I have made it my goal to write short posts reflecting on my devotional reading every day. These posts are composed off the cuff, in 30 minutes or less. The following is one such post. Before writing this post, I read: 1 Chronicles 1–5, Psalm 10, Proverbs 10.
A brief note ahead of the rest of the post: this month, ChristianAudio.com is giving away the ESV “Hear the Word” Audio Bible. Really, for free. You give them an email address, you get the whole Bible, read extremely well. I highly recommend that you follow up on this, because it is normally not inexpensive, though even so a good audio Bible is a very good investment. Now, back to the regularly scheduled post.
As challenging as it can be to apply 2 Chronicles 1—5 correctly, finding the substance in a passage like 1 Chronicles 1—5 is even harder, I think. The entire sequence is a list of names: fathers, sons, occasional wives and daughters in the mix. Genealogies are one of the most challenging sections in the Bible for Western readers, because they seem enormously dry and pointless. (I saw a non-Christian comment on finding the Bible incredibly boring the other day; I have no doubt that passaages like this one contributed substantially to that assessment.) Truth be told, though I am making a game effort at it, I still find these chapters difficult, too.1
There are two things I hold onto as I consider these challenging chapters, though. The first is Paul’s affirmation that “All Scripture is breathed out by God and profitable for teaching, for reproof, for correction, and for training in righteousness, that the man of God may be complete, equipped for every good work” (2 Timothy 3:16—17, ESV). That “all” is important, because Paul included 1 Chronicles 1—5 and Numbers 1 and Zechariah 4, challenging though they are in their different ways. He did not exclude them because they might not make as much sense to a future generation in another part of the world. Indeed, I would go so far as to say that under the inspiration of the Holy Spirit, Paul explicitly affirmed the value of these books in part because they would be foreign to us.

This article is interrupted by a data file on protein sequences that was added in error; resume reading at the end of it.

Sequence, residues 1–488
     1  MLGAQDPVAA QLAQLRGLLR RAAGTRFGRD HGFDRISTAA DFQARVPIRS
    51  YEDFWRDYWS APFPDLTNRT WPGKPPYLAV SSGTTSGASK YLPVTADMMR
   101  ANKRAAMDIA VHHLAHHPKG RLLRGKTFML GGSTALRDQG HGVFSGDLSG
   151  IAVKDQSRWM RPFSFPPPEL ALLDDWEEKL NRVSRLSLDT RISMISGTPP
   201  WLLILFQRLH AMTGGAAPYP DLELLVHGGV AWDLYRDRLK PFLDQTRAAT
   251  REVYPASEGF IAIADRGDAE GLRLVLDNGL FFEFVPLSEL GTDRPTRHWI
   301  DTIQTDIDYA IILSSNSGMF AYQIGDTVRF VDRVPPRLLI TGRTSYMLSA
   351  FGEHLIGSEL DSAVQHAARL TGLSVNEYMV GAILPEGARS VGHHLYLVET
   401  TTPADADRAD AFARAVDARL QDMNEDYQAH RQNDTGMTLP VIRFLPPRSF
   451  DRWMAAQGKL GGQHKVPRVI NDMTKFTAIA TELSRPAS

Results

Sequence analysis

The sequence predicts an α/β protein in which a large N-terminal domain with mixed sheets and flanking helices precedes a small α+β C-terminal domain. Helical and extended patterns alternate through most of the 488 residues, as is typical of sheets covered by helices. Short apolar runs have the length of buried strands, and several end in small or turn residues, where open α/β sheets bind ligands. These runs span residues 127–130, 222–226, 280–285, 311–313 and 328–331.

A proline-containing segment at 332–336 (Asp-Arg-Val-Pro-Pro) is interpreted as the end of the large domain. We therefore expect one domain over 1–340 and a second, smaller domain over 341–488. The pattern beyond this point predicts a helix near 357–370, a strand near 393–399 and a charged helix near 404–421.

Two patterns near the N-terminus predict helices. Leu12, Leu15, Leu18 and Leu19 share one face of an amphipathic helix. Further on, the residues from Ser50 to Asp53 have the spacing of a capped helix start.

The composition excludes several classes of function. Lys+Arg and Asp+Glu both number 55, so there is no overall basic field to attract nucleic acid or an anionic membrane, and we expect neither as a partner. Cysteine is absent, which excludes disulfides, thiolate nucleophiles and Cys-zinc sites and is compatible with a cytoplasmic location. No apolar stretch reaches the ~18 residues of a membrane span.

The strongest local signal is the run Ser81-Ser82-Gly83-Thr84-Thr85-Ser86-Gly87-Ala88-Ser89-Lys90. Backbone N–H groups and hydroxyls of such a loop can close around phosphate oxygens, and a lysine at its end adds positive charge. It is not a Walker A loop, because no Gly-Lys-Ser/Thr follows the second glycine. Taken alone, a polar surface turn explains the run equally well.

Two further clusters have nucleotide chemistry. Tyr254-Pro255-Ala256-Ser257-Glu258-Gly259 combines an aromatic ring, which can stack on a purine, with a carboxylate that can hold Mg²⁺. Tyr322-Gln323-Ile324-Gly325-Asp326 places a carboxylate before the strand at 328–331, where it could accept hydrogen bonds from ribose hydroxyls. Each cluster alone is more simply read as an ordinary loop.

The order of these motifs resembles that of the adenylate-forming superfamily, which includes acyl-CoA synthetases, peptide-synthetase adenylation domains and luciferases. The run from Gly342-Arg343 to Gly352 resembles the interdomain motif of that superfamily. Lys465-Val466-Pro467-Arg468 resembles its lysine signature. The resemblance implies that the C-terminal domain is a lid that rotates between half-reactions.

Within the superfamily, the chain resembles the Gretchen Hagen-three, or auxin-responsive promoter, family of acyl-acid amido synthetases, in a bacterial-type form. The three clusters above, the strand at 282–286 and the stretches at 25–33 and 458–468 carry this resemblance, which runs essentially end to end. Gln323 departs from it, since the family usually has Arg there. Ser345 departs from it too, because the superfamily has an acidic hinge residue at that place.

Too often, we privilege our own cultural views as inherently correct in some way. We assume that because genealogies do not matter to us, they do not matter at all. Few of us, it is true, would be so bold as to say this out loud, but deep down, that is what we really believe. (For what we really believe to be true is what drives our actions.) The presence of these lengthy genealogies in the very word of God stands as a clear rebuke to our cultural snobbery–and to our chronological snobbery, too. These genealogies remind us that we are not the first people in God’s story, and that we will not be the last. We are not the main characters in this narrative: even of those named in these chapters, how many are familiar to us now?2 How many men and women, faithful followers of God, simply go unnamed in these passages? Likewise, who will know our names a thousand years hence, should the Lord tarry?
This genealogy stands as a rebuke to our self-adulation and our emphasis on our own value. It stands as a record of God’s dealings with people who went long before us, and thus as a testament to the historical character of God’s salvific work. It functions as a reminder that God’s plan involves many a flawed hero, and not a few villains. It points us back to the need for a king who would not fit the pattern of all the kings named in this line. It highlights God’s faithfulness to keep his promises to Abraham and Isaac and Jacob, and to David, even in the face of Israel’s and Judah’s rebellious ways. It ultimately points us to God himself, the one constant in all these names and relationships. He oversaw their history, as he oversees ours. We ought to reflect more often on those who have gone before us in the faith, and to thank God for them and for his work in history. We ought to be ever more dedicated to worshiping the God in whose hands history flows like a watercourse.
Even having read through these chapters a number of times, it had escaped me until tonight that David’s generals, Joab, Asahel, and Abishai, were his nephews–the sons of his sister Zeruiah (see 1 Chronicles 2:16). This detail sheds interesting light on many of their interactions, especially on David’s reticence to remove them from authority even when they were unruly. Yet it had previously been lost on me entirely.↩